On February 4th, 2014, on a stage in Petersburg, Kentucky, Bill Nye and Ken Ham were involved in one of the most important debates in the last few decades. Even though one of the debaters (Bill Nye) would strongly argue this point, it really was a debate between atheism/agnosticism/secular humanism and biblical Christianity. The agreed-upon topic was “Is Creation a Viable Model of Origins,” but the thrust of the debate from each side respectively was, “Do we ultimately trust in man’s word or God’s word?”
The new book on the debate from Bodie Hodge and Ken Ham, Inside the Nye Ham Debate, delves into the history behind the debate, offers an in-depth review and examination of the debate itself, and responds to Bill Nye’s questions and statements made during the debate. The book follows the format of the debate, with a post-debate perspective from Ken Ham, an appendix including a complete transcript, and two additional appendixes on the age of the earth and the Trinity.
The first section of the book is a brief history of what led to the debate, followed by a point-by-point recap of the debate in its entirety. Bodie inserts several observations about the debate as he recounts each section. The reader gains insights into Ken Ham’s strategy and also learns how Ken refuted many of Bill Nye’s arguments. Bodie also points out areas where Ken was not able to directly respond to Bill’s questions and assertions, due to the structure of the debate; he then highlights responses to those arguments which have been made by creation researchers over the past several years. Bodie also analyzes the debate strategy of Bill Nye and points out that Mr. Nye often failed to acknowledge when his arguments had been addressed and continued to ask the same questions or assert the same things.
Bill Nye’s tactic (even admitted to by Mr. Nye)1 was to throw a bunch of data at Ken Ham, knowing that he would not have time to respond to every point. Bill stated that he was simply using a tactic by the late Dr. Duane Gish against Ken, but this is not accurate and is an unfair characterization of Dr. Gish’s debate stratagem. In reality, Bill Nye’s debate strategy was nothing more than elephant hurling, refusal to acknowledge counterpoints to his arguments, and a decided commitment not to stay on the topic of the debate. Furthermore, he continually tried to frame things in an ad hominem way, referring to biblical creation as “Ken Ham’s model” and creation-affirming Christians as “Ken Ham’s followers.” Bodie Hodge examines these and numerous other strategies of Bill Nye’s during the debate and refutes them one by one.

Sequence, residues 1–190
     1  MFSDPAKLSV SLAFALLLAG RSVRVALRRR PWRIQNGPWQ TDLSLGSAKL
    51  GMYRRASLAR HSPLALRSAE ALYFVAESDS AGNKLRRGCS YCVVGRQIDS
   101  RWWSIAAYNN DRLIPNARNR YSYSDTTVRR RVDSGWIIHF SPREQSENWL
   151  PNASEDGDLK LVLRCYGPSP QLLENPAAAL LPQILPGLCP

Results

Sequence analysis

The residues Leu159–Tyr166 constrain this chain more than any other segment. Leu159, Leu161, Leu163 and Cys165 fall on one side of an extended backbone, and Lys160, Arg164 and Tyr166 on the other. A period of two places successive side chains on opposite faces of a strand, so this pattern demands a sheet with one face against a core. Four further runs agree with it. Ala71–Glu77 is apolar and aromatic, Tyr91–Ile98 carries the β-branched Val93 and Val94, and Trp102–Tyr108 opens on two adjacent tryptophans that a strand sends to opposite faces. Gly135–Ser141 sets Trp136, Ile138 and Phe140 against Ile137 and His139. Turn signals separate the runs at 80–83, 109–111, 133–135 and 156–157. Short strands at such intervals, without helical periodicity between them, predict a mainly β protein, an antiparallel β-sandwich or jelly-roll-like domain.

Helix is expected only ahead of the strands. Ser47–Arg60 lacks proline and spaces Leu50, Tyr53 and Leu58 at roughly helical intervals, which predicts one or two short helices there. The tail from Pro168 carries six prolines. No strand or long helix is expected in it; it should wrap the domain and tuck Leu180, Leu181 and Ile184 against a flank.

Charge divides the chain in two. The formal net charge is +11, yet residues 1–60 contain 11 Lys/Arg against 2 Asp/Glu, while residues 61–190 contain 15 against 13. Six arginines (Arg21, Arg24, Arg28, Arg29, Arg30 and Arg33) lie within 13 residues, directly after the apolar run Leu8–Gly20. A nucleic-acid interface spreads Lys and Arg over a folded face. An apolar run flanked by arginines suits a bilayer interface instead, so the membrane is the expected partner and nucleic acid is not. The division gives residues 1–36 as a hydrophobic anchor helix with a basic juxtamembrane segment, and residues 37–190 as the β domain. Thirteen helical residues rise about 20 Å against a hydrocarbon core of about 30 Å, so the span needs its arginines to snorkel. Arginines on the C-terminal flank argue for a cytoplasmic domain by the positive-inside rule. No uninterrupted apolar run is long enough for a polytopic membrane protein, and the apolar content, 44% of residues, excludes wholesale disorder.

Bodie also delves into the heart of the debate: the true nature and basis of science. He argues (as Ken Ham did during the debate) that the foundation of the scientific method is based upon Scripture and the immutability of God, and that operational science continually corroborates the Bible. He follows Ken’s arguments about the differences between origins (historical) science and observational (experimental) science; the many predictions made by creation scientists; the inability of Bill Nye to show how a belief in evolution is required to lead to any scientific discovery; and the inventions and discoveries made by creation scientists. This last point is a strong one, as Bodie points out that most of Bill Nye’s contentions are that evolutionary belief is required to be able to “do” science, and that failure to believe in cosmic and biological evolution will hamper scientific literacy and progress. The accomplishments of creation scientists over the last 400 years make that argument laughable, and yet Bill Nye continues to cling to that untenable position.
In the last section of the debate—the audience question-and-answer sessions—Bodie examines the evidence Ken Ham put forth in response to the questions Ken fielded, and he also points out the logical flaws and obvious belief systems in Bill Nye’s answers. Bodie shows that Ken answered the harder questions with Scripture, reason, and data, while Bill Nye often answered the hard questions with “It’s a great mystery” or “Don’t know.” What really is highlighted in this section is that each man interprets data according to his worldview: Bill Nye with a naturalistic/materialistic worldview, and Ken Ham with a biblical worldview.
The book is an extremely candid and personal look into the mind and heart of Ken Ham.
In the post-debate section, author Bodie Hodge examines statements made by Ken Ham in response to questions about what Ken would change if he could do the debate over, and who Ken thinks won the debate. This section of the book is an extremely candid and personal look into the mind and heart of Ken Ham. Rather than play spoiler here, as I think this is one of the most intimate parts of the book, I’ll just give a little teaser: it isn’t about who won or lost; it is about the proclamation of the gospel and lifting up the Lord Jesus Christ. Ultimately, that is what shines forth from this book in every section. It is not primarily a debate exposition, but it is an apologetics tool that shows the emptiness of humanism and gives glory to God.